Over the years, I have encountered some well-meaning Christians consoling guilt-ridden family members or friends. Perhaps they abused their spouses, or hit the bottle too many times, or were sent to prison for dealing dope. Perhaps they betrayed a trust, abandoned the wife and kids, or embezzled money.
Whatever the case, all too often I’ve heard someone say these words to the afflicted: “Don’t worry. Jesus loves you just the way you are.”
Jesus may love us, but if He loves us just the way we are, then why all the preaching about conversion and the absolute necessity of changing our lives? Why the many warnings about what will befall us if we don’t change? Why the death on the cross for our sins?
Jesus didn’t tell the woman accused of adultery to have a nice day. He told her to “sin no more.” In the Sermon on the Mount, He didn’t say, “You guys are a wonderful audience.” He called for radical transformation, recognizing that “the gate is narrow and the road is hard that leads to life.” He didn’t tell the Pharisees that God “loves you just the way you are.” He called them “hypocrites” and “a generation of vipers,” and commanded them to mend their ways.
Most religions and their founders – Christianity, Islam, Buddhism – urge us to change the way we think, to see the world with new eyes, and to live more wholesome lives.
But change is tough.
I’ve seen churches where a new pastor introduced a few innovations and left half the congregation with a case of the vapors. I’ve known of schools where a new headmaster took the helm, and students and parents complained that she didn’t operate the way Mr. Weatherbee did. We’ve all seen the results of Donald Trump’s election to the presidency. That change has driven many of his opponents beyond the borders of sanity.
The hardest changes are the ones we ourselves undertake. The smoker who wants to ditch the cigarettes, the alcoholic who has finally hit rock bottom and must now make the climb out of that hole, those who know that they need to exercise more – I’m one of them – but who keep putting off that challenge: the list goes on and on.
Usually, when we want to change some habit or behavior, we see improvement as the goal. If we give up smoking, we will save money, breathe easier, and probably live longer. If we work on slowing down our frantic pace, our blood pressure will go down and we will have more time to appreciate the good things in life.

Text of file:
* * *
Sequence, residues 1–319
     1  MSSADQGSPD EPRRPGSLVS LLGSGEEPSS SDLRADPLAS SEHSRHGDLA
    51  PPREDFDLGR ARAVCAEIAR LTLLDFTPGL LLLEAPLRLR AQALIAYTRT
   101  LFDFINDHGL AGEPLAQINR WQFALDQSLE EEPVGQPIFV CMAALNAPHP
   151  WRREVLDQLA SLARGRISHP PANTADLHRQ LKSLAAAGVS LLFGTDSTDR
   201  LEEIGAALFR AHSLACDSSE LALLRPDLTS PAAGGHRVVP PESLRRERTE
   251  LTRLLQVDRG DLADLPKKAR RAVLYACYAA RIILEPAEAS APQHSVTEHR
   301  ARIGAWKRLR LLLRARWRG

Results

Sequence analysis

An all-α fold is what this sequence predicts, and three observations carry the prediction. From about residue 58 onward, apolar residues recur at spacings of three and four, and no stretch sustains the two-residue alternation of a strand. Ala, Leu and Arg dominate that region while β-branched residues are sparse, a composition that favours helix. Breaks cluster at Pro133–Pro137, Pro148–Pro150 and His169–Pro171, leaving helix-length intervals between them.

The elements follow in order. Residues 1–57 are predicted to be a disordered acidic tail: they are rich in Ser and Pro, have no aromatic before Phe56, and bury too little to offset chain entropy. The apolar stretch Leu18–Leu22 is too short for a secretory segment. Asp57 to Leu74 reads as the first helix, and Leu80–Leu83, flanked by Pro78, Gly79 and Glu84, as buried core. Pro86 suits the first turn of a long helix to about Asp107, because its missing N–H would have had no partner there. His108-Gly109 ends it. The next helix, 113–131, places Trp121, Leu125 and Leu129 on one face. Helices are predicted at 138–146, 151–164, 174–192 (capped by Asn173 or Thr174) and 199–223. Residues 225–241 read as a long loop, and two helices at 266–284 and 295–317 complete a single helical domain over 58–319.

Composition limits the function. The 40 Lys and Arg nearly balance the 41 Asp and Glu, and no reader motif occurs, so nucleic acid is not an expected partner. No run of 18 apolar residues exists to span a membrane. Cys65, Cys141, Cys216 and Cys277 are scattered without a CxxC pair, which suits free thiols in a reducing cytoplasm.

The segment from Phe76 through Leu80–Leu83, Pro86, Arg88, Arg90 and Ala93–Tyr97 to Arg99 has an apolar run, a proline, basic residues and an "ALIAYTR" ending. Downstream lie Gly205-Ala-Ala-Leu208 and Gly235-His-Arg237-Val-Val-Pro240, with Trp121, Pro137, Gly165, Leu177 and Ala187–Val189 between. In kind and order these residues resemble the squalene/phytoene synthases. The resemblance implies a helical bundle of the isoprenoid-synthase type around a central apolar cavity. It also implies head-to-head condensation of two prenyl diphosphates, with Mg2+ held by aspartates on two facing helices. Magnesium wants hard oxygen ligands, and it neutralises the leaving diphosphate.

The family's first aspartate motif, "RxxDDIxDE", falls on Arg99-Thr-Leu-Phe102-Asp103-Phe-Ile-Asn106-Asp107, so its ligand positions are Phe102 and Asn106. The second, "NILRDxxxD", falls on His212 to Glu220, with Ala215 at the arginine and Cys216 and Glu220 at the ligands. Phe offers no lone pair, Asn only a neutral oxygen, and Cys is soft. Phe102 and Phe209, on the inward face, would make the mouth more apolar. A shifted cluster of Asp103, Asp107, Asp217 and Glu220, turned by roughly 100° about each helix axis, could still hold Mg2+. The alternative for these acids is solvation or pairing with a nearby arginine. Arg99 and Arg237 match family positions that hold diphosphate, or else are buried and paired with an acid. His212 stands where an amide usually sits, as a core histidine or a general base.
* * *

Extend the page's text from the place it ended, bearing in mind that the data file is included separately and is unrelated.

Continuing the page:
Given that these alterations in our personal behavior take so much effort and willpower, you would think it might be difficult to change an entire country. You would think proposals for such massive transfigurations would at least be offered in a spirit of humility.
Every day the chittering classes – politicians, members of the media, and other public figures – throw out their plans for America, some of them diametrically opposed, some of them out of touch with reality, but all of them ostensibly aimed at improving our lives. They offer all sorts of solutions to what they regard as “our problems,” but none of them come round knocking at our doors to find out what we’re really thinking.
And rarely do they suggest that improving America might best be accomplished by change from the bottom up rather than from the top down.
But what if by transforming ourselves we could transform the country?
What if we treated others – the harried barista, the elderly grocery store clerk, the mom on the bus with two wiggling boys, our political opponents – with courtesy? What if all of us, especially our public figures, listened to people instead of shouting down their arguments?
What if we learned more about the history of our country by reading books like Wilfred McClay’s Land of Hope? What if we taught that history to our children and grandchildren? To love truly and passionately means familiarity with the beloved. The same holds true for our country.
What if we learned more about the way our government is supposed to function? In a recent poll, more than one in five Americans couldn’t name any of the three branches of our government.
We can do better than that.
Finally, what if we made it a habit to contact our local, state, and national officials and let them know what we think of their words and deeds? If we believe, for example, that those in Congress should make a greater effort to reduce our $22 trillion dollar deficit, why not take a few minutes and shoot our representative an email expressing our concern?
“Everyone thinks of changing the world,” Leo Tolstoy once said. “But no one thinks of changing himself.”
What if we could do both at the same time?
[Image Credit: Pixabay-EliasSch]
Jeff Minick lives in Front Royal, Virginia, and may be found online at jeffminick.com. He is the author of two novels, Amanda Bell and Dust on Their Wings, and two works of non-fiction, Learning as I Go and Movies Make the Man.